Alabama sanctions show NCAA won't slaughter its cash cows

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That isn't to say that Alabama's football program deserved a stiffer penalty in this case. Unlike when the Crimson Tide purchased a defensive tackle like a heifer at a livestock auction at the beginning of this decade, this crime didn't merit severe sanctions. The currently-on-appeal case of widespread academic fraud at Florida State might have, but the Seminoles lost a few scholarships and wouldn't give a flip about the wins they have to vacate except for the fact that those wins belong to Bobby Bowden, who may or may not be racing Penn State's Joe Paterno for the title of winningest coach in Division I-A history. And when (if?) the NCAA finishes its investigation into the allegations against former USC tailback Reggie Bush, don't be shocked if the Trojans receive a mere speedbump of a penalty -- even if every allegation turns out to be true.

Like New Mexico this year and New Jersey in 2007, it seems the NCAA has banned the death penalty. For the nation's marquee programs, 25-to-life probably is out as well. Stripping a handful of scholarships over three or four years and forcing the vacation of wins, the NCAA disciplinary equivalent of serving a 30-day jail sentence on weekends, is about the harshest penalty the once-feared Committee on Infractions will hand down to a name-brand football program.

So forget bowl bans. Forget the TV ban, the NCAA's version of the atomic bomb. NCAA leaders, representatives of the schools themselves, understand now that it's bad for business to slaughter the cash cows, even if some of those cows occasionally cheat on tests or take money from agents.

Let's hop in the time machine and travel back to 1987. The Bangles taught everyone to Walk Like an Egyptian. Cliff Huxtable dispensed wisdom to Theo and Rudy every Thursday, and Sam Malone served drinks and chased skirts an hour later. Also, the NCAA canceled Southern Methodist's football season. You read that correctly, under-25 fans. The NCAA wiped a big-name program off the face of the Earth for a season. The NCAA also added the following sanctions against the Mustangs:

• They could play only seven games, none at home.

• They would be allowed 15 scholarships.

• They were allowed only five assistant coaches.

• They were banned from television and from bowls.

SMU didn't even bother playing in 1988, choosing instead to field a roster of freshmen and practice for 1989.

Now, just imagine if the NCAA issued even one of those penalties to USC as a result of the Bush investigation. The heads of programming at ESPN/ABC and Fox Sports Net would suffer simultaneous heart attacks. If the Pac-10 was in the midst of negotiating a new TV deal, it would have to take significantly less money, hurting the conference's other nine schools. The same would go for a similar penalty against Alabama. In fact, the money involved has grown so much that had the Albert Means scandal occurred last year, the NCAA probably wouldn't have slapped Alabama with a bowl ban and a 21-scholarship reduction. The Crimson Tide's probation for the textbook case actually leaves Alabama open for the death penalty, but it's highly unlikely the committee would take so drastic a step even if 'Bama ran afoul of the rules again. Alabama -- or Florida or LSU or Tennessee -- is simply too valuable a commodity. During the next 15 years, CBS and ESPN/ABC will pay a combined $3 billion to televise SEC sports. If those networks couldn't televise Alabama-LSU or Florida-Tennessee, they might ask for a refund. When punishing Alabama also hurts Auburn and Mississippi State, the NCAA can't afford to throw the book at an offender.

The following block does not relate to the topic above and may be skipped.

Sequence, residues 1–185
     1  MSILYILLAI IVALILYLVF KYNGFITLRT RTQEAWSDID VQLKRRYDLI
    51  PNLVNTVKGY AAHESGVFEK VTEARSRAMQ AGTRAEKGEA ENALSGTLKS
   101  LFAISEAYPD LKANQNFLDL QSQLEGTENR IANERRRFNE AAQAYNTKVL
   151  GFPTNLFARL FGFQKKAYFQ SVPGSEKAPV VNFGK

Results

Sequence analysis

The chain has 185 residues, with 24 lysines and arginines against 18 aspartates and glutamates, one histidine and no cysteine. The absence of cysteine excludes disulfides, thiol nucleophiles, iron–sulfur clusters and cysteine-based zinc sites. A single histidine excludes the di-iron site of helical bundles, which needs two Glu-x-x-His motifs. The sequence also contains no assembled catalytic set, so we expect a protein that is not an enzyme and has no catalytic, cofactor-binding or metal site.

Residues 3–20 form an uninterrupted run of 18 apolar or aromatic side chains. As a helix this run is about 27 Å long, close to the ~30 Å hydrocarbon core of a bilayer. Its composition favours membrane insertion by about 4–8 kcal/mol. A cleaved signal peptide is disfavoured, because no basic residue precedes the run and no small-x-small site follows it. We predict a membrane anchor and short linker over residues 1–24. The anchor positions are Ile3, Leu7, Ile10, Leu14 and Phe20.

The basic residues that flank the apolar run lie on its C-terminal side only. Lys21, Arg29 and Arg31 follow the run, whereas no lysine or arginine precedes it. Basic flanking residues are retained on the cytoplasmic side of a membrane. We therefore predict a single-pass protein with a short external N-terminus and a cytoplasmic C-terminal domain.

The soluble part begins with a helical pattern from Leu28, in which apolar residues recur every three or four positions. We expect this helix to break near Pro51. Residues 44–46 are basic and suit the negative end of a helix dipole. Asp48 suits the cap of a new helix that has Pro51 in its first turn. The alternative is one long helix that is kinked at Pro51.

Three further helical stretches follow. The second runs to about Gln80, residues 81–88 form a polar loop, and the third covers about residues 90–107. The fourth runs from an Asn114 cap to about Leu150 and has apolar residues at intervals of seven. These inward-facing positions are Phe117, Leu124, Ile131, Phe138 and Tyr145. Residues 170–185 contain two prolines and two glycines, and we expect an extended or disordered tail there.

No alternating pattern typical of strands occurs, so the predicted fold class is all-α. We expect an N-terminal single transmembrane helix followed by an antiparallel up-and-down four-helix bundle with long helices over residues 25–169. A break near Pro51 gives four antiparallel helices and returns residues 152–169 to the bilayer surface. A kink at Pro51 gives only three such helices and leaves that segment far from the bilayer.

Shortly before the NCAA revealed the penalties, a reporter from The Birmingham News caught up with Alabama coach Nick Saban and asked how Saban felt about finally putting this episode behind the program. "I'm really happy for the players we have in the program that this won't affect their future, nor will it affect the players we're recruiting," Saban told the paper. "We're always happy to be moving on, and we're looking forward to the future."

Maybe Pete Carroll should keep a copy of that quote to use the day the NCAA wraps the Bush investigation. Neither USC nor any other name-brand program that winds up in the NCAA's crosshairs should worry too much about suffering in the future. They're just too valuable to harm.